4) Rabbits. Moxon, 1996b  [6] : In a study of developmental toxicity conducted in compliance with the principles of GLP and according to the OECD Guidelines for Testing of Chemicals No. 414, groups of 20 time-mated female New Zealand White rabbits were given glyphosate (purity, 95.6%; in deionized water) at a dose of 0, 100, 175 or 300mg/kgbw per day by gavage on days 8–20 of gestation (day 1 being the day of mating). Dosage volumes were calculated for individual animals according to their daily body weights. All animals were observed daily for clinical signs and mortality, while body weight and food consumption were measured on days 1, 4, 8–20, 23, 26 and 30 of gestation and on days 8, 11, 14, 17, 20, 23, 26 and 30 of gestation, respectively. On day 30 of gestation, the dams were killed, and a macroscopic examination was carried out post mortem. Pregnancy status was determined and numbers of corpora lutea, implantations, live fetuses and intrauterine deaths were recorded. All fetuses were examined for external abnormalities, weighed, and prepared and examined for soft tissue abnormalities and for skeletal abnormalities (modified Dawson technique). Additionally, assessment of ossification including scoring of manus and pes was performed.

The incidence of intercurrent maternal deaths was 1, 2, 2 and 2 in the control group, and at the lowest, intermediate and highest dose, respectively. There was a dose-related increase in the incidence of dams with signs of diarrhoea and reduced faecal output at the intermediate and highest doses. Food consumption was significantly reduced at the intermediate dose (by 72–86% of the value for controls, days 8–20 of gestation) and the highest dose (by 57–81% of the value for controls, days 8–20 of gestation), while body-weight gain at these doses was 70% and 38% of the value for controls (days 8–20 of gestation), respectively. No treatment-related changes were observed at any dose at necropsy.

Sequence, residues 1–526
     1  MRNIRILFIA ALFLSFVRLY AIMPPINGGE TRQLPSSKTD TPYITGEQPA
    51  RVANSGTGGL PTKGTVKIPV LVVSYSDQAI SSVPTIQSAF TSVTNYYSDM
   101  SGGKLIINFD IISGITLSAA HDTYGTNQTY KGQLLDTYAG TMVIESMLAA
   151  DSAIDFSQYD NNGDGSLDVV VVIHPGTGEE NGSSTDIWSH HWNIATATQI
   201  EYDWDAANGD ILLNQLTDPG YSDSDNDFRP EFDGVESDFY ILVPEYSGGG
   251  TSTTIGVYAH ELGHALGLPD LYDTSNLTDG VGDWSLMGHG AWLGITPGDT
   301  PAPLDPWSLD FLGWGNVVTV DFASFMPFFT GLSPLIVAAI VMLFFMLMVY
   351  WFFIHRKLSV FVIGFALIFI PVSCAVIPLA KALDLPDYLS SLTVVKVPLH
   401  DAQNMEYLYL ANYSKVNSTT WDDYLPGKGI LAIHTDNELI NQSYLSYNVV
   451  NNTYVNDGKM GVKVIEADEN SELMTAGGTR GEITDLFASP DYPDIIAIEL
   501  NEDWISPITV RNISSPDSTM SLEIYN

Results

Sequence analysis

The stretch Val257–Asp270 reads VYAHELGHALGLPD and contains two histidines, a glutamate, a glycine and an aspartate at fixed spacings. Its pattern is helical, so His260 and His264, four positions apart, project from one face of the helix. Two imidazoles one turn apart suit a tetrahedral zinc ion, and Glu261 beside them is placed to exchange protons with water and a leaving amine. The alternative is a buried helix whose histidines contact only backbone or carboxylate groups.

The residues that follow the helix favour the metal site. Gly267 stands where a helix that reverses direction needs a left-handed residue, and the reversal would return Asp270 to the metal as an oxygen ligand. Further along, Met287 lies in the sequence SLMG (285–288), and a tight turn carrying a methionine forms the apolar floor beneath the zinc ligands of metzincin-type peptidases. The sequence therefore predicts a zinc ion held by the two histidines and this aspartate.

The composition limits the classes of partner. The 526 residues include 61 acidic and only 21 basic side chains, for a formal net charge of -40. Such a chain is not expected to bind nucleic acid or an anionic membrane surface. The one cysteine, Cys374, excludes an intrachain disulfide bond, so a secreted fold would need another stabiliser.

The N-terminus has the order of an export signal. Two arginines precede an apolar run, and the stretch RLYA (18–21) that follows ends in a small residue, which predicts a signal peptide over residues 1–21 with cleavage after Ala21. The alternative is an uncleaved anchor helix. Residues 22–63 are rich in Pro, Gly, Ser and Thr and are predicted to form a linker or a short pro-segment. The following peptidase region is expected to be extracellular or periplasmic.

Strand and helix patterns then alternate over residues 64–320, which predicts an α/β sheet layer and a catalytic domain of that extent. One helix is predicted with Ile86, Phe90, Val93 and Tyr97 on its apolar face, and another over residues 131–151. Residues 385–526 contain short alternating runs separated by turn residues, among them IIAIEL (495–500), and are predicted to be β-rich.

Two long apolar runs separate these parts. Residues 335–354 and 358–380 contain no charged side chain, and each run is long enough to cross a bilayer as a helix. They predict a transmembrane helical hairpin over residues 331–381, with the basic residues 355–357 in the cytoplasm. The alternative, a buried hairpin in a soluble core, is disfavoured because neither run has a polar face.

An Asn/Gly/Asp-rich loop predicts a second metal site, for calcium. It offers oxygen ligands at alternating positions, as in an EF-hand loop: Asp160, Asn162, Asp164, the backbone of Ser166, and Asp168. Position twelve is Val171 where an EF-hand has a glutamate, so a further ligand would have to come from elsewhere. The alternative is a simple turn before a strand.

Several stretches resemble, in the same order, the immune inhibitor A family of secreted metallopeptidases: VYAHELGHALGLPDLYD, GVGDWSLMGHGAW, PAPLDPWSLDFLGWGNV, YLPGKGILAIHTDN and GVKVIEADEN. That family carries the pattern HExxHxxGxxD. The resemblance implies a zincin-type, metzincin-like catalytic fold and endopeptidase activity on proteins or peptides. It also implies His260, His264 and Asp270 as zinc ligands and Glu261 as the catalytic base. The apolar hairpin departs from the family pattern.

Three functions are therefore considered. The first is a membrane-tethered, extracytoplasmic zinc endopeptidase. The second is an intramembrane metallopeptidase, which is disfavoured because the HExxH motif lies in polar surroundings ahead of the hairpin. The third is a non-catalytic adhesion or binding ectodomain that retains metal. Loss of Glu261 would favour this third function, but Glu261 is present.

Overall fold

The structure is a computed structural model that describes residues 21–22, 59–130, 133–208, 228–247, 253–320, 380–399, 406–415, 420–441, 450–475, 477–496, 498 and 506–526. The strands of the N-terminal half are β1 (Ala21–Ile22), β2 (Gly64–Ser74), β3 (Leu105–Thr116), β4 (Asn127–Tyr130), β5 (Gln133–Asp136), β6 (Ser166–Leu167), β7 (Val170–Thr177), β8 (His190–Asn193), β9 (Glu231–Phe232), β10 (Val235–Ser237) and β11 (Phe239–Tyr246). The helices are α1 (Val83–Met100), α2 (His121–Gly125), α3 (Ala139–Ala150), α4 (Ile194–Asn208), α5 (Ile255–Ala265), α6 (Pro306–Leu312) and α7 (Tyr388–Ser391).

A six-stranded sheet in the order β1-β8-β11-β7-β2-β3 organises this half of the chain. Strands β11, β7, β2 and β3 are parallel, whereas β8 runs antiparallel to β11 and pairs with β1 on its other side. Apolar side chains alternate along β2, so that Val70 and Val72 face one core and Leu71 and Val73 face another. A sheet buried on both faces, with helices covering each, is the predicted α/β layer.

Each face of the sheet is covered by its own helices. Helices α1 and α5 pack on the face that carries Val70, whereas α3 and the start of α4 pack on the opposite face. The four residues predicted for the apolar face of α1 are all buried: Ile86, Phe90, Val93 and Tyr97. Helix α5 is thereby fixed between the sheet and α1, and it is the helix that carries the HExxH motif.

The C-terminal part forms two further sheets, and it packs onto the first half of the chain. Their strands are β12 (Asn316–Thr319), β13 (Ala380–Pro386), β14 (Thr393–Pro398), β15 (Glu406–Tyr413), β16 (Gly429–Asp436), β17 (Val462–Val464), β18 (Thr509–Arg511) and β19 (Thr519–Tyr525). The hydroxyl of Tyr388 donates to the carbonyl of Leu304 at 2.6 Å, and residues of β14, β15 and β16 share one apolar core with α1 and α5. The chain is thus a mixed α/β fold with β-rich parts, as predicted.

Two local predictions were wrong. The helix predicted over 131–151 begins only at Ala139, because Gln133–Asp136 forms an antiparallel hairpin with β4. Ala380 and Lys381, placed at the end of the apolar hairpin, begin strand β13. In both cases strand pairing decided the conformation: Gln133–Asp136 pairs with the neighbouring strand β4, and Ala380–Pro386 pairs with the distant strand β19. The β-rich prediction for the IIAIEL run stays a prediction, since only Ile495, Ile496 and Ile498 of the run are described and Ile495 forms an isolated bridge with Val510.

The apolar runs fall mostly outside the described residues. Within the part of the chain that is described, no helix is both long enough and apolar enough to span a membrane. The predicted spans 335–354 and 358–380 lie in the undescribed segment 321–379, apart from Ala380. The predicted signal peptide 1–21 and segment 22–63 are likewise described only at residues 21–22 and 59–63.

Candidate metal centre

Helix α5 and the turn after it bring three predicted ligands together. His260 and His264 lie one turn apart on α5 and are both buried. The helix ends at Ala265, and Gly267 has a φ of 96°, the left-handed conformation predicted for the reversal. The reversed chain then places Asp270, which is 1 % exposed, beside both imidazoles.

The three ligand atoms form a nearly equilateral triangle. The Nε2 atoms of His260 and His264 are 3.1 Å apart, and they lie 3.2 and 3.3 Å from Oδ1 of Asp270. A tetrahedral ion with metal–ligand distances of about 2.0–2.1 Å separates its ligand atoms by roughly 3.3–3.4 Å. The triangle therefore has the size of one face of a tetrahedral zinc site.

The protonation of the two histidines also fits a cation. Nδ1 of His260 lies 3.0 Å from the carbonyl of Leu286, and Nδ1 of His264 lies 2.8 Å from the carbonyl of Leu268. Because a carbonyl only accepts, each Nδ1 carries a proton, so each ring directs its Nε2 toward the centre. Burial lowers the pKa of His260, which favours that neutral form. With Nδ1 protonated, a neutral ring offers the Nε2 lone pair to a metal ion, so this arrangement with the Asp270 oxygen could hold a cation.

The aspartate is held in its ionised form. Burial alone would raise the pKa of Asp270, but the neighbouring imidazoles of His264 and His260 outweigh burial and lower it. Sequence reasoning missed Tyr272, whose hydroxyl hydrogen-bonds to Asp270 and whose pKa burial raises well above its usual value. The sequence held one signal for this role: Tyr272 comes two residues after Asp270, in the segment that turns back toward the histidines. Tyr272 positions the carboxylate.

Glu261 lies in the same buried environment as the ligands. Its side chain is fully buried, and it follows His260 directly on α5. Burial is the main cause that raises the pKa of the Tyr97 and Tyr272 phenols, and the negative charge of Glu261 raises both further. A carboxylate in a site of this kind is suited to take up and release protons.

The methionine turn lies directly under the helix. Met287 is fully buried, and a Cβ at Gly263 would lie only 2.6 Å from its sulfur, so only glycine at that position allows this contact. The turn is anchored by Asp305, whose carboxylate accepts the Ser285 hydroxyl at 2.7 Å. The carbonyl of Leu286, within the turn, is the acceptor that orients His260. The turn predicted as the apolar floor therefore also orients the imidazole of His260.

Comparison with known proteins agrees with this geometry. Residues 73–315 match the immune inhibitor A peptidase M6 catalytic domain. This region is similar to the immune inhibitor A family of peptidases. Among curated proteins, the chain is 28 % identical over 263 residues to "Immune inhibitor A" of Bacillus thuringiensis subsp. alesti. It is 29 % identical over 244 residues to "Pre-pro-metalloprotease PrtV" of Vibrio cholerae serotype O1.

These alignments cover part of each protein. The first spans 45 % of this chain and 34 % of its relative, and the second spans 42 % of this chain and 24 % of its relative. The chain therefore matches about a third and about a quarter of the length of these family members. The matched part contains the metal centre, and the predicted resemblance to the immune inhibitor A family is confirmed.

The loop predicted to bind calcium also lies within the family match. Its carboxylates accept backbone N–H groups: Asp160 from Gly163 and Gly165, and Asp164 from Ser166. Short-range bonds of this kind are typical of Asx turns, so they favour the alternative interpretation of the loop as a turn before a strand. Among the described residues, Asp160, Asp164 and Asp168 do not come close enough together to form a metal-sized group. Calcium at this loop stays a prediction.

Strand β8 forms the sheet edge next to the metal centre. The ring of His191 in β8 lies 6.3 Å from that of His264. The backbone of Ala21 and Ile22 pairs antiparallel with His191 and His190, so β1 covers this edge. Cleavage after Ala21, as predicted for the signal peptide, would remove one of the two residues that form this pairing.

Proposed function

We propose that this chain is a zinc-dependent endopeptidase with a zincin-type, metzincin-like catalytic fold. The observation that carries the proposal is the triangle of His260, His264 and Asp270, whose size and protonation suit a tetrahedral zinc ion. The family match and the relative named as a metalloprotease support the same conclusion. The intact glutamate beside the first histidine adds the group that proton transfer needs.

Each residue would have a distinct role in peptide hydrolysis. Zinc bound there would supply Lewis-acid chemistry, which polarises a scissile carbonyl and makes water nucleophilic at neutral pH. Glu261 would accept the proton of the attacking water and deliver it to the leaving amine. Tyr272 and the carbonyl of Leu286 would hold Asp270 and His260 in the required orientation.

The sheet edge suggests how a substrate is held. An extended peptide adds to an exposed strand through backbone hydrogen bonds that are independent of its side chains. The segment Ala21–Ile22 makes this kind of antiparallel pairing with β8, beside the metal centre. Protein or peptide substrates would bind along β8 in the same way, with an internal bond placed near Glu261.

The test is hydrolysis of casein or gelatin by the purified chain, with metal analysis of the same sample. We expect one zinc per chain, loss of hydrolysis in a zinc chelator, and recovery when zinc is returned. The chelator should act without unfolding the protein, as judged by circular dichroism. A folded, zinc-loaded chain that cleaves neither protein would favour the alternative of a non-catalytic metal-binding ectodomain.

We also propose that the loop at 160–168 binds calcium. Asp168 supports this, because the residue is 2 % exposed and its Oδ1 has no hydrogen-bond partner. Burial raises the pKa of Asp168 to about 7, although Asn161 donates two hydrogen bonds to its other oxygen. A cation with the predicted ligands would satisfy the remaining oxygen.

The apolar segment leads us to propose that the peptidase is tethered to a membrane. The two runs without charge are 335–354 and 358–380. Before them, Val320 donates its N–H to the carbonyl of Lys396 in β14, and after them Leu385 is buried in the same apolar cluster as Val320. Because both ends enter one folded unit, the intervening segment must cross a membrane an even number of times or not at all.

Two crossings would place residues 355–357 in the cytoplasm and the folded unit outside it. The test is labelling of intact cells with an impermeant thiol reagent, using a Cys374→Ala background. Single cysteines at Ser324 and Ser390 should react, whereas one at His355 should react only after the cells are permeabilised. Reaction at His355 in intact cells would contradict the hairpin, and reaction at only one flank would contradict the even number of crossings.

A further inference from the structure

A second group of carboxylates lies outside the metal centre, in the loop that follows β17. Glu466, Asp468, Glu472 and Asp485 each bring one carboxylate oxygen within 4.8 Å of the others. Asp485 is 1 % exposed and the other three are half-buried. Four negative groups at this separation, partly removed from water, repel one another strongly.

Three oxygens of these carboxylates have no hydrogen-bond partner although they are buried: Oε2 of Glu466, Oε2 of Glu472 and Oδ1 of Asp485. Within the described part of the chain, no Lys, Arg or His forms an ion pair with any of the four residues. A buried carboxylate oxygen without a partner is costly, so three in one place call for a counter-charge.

There were 17, 18, 17 and 17 viable litters in the control group and at the lowest, intermediate and highest dose, respectively. The mean fetal weight (44.4, 43.3, 43.2 and 40.7g for the control group and at the lowest, intermediate and highest doses, respectively) was statistically significantly reduced at the highest dose, which was attributed to the occurrence of two litters for which the mean fetal weight was particularly low (20.3g and 29.6g). There was no effect of treatment on the number or survival of the fetuses in utero. The number of fetuses with major defects was 3 out of 143, 1 out of 147, 0 out of 135 and 2 out of 144 in the control group and at the lowest, intermediate, and highest dose, respectively. Neither the type nor incidence of major defects indicated a treatment-related effect.